Friday, December 8, 2023

Westpac makes loans a sustainable option

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Bank offers lower interest for green initiatives on farm.
Westpac’s Tim Henshaw says the whole-farm sustainable loan provides a strong incentive for clients to adapt their farm business to climate change impacts.
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Farmers wanting to face climate change head-on and adapt their business sooner than later can leverage their way ahead with Westpac’s latest sustainable farm loan offering.

The bank used Mystery Creek Fieldays as the launch pad for two new sustainable farm lending packages, a sustainable farm loan and a sustainable business loan. 

Bank agribusiness head Tim Henshaw said the sustainable farm loan offers a “whole of farm” opportunity to borrow, make changes to the property’s climate change resilience, and receive a discounted interest rate.

The farm client will receive a .2% discount off the existing loan interest margin across all term debt associated with the entire farm business.

“This is about the entire farm, not just for a specific project and the discounted interest rate which is effective from day one incentivises the farmer to move the farm to a more sustainable, resilient asset.” 

The farm owner will have two years from signing on the loan to deliver on their adaptation proposals, where they must meet a Westpac sustainable farm standard.

“One aspect farmers are really liking is that we are using existing work done. If you already have an assurance report through your processor, you do not have to do that again.

“Farmers don’t like duplication, and we can take the quality plans they may already have in place from the likes of Fonterra or Synlait, for example, and then there is just a bit more on top of those to do mainly around climate adaptation, understanding climate change risk, and what to do to mitigate.”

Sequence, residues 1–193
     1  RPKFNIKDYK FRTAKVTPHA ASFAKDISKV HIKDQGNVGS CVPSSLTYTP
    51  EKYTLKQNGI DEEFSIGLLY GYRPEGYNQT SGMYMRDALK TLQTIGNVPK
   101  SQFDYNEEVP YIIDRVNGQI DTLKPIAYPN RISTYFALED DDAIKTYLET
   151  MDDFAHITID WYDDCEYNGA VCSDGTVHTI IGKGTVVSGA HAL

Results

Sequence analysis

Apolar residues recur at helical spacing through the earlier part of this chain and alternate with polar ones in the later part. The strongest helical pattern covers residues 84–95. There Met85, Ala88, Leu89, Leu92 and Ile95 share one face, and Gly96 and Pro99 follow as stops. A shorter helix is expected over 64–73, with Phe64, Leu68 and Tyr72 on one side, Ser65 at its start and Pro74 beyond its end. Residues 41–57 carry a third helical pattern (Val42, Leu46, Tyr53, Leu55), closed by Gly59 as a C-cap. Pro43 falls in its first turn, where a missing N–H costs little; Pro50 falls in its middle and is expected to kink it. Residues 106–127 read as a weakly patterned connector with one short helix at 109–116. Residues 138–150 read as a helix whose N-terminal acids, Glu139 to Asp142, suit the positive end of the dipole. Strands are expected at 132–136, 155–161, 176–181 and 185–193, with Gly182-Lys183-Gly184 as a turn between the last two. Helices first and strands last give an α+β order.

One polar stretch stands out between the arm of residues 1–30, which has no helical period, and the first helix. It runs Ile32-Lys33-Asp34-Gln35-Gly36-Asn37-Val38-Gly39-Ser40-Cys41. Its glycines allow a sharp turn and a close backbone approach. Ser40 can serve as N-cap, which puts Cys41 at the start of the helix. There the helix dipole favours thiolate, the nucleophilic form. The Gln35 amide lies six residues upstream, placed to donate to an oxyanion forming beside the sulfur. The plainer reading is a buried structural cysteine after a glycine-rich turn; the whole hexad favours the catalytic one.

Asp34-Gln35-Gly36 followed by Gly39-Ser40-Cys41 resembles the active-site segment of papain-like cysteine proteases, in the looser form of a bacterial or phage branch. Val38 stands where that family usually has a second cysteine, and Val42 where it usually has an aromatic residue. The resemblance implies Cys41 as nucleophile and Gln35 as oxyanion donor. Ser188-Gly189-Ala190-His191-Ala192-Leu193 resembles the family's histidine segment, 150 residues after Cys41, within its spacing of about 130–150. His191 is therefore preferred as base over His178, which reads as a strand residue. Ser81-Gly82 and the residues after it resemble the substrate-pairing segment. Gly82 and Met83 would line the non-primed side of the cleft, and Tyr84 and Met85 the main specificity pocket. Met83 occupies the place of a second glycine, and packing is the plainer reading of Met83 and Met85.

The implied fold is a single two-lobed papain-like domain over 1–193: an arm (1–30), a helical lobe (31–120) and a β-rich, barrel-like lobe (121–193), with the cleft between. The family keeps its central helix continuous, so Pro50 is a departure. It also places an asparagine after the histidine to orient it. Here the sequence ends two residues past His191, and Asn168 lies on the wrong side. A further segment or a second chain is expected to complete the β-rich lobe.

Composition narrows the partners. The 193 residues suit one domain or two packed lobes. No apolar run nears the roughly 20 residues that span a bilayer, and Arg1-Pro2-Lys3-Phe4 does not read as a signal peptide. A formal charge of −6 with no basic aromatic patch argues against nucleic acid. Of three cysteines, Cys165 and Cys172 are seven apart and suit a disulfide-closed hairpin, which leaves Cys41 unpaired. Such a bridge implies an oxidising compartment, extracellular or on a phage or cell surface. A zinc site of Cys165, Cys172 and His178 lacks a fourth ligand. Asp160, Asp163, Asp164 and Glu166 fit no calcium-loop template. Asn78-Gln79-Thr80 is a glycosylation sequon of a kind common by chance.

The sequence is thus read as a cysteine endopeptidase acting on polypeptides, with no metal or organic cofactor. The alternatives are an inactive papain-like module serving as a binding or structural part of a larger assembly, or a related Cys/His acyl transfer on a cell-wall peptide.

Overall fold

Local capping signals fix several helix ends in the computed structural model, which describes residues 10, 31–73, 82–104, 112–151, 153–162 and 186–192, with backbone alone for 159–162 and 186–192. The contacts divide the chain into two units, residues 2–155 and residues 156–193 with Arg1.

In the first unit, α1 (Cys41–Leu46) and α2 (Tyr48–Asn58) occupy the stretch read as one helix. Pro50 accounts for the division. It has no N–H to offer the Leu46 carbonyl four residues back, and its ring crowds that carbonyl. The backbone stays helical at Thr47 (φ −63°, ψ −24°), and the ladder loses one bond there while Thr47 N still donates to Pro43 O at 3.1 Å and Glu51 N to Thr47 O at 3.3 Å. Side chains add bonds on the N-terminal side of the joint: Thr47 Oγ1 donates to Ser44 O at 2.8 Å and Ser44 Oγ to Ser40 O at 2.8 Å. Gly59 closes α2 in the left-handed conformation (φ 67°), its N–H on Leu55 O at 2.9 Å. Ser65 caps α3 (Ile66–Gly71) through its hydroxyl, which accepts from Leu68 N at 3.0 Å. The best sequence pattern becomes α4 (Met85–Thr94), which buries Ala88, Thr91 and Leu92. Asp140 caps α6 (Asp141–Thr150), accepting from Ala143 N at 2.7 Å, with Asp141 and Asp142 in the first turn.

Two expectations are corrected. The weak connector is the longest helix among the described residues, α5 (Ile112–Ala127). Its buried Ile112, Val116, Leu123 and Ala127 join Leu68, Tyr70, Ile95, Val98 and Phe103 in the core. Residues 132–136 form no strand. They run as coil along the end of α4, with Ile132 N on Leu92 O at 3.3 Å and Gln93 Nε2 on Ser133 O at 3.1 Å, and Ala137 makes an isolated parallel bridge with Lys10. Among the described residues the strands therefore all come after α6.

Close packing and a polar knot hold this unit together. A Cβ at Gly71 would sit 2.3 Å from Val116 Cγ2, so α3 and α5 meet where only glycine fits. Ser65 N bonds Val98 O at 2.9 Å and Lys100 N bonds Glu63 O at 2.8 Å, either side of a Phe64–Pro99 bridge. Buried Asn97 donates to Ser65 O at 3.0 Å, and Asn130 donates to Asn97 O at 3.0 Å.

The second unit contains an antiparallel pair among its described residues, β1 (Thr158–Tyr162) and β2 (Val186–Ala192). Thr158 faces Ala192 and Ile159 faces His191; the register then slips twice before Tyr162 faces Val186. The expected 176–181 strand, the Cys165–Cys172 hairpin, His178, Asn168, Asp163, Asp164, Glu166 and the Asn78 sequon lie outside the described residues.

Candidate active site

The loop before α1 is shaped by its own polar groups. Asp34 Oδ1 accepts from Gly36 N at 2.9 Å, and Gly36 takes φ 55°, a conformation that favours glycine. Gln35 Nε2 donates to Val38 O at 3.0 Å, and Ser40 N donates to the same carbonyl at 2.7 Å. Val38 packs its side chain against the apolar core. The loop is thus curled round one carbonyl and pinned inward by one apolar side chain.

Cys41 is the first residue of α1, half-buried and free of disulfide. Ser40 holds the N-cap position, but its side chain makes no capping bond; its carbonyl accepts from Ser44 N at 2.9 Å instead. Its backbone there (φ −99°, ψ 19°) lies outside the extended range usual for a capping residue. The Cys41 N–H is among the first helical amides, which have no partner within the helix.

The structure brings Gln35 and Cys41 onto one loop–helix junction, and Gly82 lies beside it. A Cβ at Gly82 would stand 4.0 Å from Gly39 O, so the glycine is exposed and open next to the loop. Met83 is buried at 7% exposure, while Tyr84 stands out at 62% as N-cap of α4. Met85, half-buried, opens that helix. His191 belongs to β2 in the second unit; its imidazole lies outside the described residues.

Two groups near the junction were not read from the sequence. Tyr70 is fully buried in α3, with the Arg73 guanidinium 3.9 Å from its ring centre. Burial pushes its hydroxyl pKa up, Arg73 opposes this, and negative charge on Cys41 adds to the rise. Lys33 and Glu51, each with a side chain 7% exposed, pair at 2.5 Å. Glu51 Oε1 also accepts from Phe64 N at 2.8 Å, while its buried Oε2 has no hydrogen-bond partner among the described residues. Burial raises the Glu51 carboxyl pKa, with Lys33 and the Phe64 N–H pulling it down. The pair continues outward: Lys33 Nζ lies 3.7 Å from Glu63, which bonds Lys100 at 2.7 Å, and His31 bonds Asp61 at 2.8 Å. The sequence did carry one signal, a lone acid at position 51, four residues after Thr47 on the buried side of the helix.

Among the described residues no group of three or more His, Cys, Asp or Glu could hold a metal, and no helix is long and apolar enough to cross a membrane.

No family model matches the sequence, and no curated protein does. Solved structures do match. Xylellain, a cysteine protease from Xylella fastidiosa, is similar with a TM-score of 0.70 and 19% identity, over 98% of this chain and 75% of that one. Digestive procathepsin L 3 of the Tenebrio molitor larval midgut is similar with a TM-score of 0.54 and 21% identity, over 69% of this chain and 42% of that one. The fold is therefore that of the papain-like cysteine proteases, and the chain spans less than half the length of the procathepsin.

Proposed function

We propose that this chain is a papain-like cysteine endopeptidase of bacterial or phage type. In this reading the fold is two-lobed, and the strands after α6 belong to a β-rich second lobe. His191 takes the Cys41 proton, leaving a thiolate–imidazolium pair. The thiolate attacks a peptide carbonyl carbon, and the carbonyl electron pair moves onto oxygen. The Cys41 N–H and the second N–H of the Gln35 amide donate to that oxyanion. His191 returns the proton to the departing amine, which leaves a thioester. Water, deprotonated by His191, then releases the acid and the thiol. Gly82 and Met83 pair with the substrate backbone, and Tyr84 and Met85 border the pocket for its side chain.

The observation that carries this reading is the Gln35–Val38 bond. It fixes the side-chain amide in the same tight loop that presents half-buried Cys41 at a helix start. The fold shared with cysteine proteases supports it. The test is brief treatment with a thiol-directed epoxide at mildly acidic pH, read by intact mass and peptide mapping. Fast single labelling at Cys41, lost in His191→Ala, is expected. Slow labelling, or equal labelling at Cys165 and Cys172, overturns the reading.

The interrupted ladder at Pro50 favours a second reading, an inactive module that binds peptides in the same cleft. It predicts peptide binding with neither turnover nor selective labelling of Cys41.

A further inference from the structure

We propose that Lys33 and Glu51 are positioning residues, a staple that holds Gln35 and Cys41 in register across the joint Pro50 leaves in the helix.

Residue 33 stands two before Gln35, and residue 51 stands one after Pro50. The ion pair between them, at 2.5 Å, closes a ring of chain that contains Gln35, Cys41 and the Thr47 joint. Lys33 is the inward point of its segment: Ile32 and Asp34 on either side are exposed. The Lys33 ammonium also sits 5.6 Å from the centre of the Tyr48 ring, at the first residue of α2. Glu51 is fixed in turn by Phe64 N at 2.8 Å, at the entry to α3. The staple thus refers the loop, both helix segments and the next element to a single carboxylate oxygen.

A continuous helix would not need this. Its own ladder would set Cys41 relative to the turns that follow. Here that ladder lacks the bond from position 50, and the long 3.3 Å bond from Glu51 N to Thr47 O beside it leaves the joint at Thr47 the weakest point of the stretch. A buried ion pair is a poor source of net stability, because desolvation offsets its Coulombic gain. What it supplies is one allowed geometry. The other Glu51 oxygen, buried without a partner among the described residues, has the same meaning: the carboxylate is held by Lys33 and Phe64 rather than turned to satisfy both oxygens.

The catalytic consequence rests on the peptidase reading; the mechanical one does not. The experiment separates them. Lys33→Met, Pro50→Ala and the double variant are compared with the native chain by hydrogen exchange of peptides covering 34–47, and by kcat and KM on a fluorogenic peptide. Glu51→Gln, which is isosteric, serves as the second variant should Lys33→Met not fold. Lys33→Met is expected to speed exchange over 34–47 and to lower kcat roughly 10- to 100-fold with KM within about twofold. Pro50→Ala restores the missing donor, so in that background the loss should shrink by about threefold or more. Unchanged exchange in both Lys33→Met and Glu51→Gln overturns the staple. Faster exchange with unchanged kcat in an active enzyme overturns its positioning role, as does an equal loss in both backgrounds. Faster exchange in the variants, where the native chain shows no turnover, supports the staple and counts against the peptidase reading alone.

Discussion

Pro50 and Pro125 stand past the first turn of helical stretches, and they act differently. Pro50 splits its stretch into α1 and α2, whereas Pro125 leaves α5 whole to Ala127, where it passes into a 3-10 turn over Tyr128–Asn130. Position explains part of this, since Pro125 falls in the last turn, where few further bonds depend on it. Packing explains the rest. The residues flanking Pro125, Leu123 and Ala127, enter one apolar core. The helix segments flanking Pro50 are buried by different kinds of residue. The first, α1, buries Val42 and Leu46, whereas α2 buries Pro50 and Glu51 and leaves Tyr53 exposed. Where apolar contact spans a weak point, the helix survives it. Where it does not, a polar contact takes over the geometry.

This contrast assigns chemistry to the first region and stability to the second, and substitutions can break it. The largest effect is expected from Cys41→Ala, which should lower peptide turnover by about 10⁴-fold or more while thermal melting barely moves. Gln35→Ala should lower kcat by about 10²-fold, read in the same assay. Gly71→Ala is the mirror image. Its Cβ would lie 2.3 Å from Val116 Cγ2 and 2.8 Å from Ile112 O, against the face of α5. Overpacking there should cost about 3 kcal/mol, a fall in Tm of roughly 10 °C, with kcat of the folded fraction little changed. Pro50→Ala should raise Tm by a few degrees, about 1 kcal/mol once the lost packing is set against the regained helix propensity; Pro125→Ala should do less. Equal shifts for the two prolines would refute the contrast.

Input for Westpac’s standards has come in part through the Sustainable Agricultural Finance Initiative (SAFI). 

This initiative developed guidance for sustainable agriculture finance that takes note of emerging international frameworks as well as existing good farming practice standards used by New Zealand growers and farmers. Asure Quality will be undertaking the farm assessments.

Prior to launch the loans were trailled on drystock and dairy clients.

Westpac also used Fieldays to launch its sustainable business loans to support corporate and agribusiness customers to advance specific adaptation/mitigation projects on farm. 

Henshaw said these could be as diverse as electric vehicle purchase, solar panels, waste reduction or biodiversity protection. 

They also come with a .2% discount off the loan interest margin.

Henshaw said if a farmer client fails to meet the promised adaptation standards after the two-year period, there is no requirement for the discounted interest to be clawed back and there would be a period of remediation in a loan agreement that also involves a good level of trust between both parties.

The move to sustainable lending  makes good business sense for the bank’s rural division. 

Henshaw said the overseas pool of investor funds that must be committed to proven sustainable investment ventures continues to grow rapidly. Last year about 5% of all global bond issues comprised green social sustainably linked bonds in what was a tough year for all investment funds.

“This is a pool of funds that NZ Inc does not want to be shut out of, and by being able to offer these loans, it provides us with a means to tap into that vast area of funding that is only likely to continue to grow.”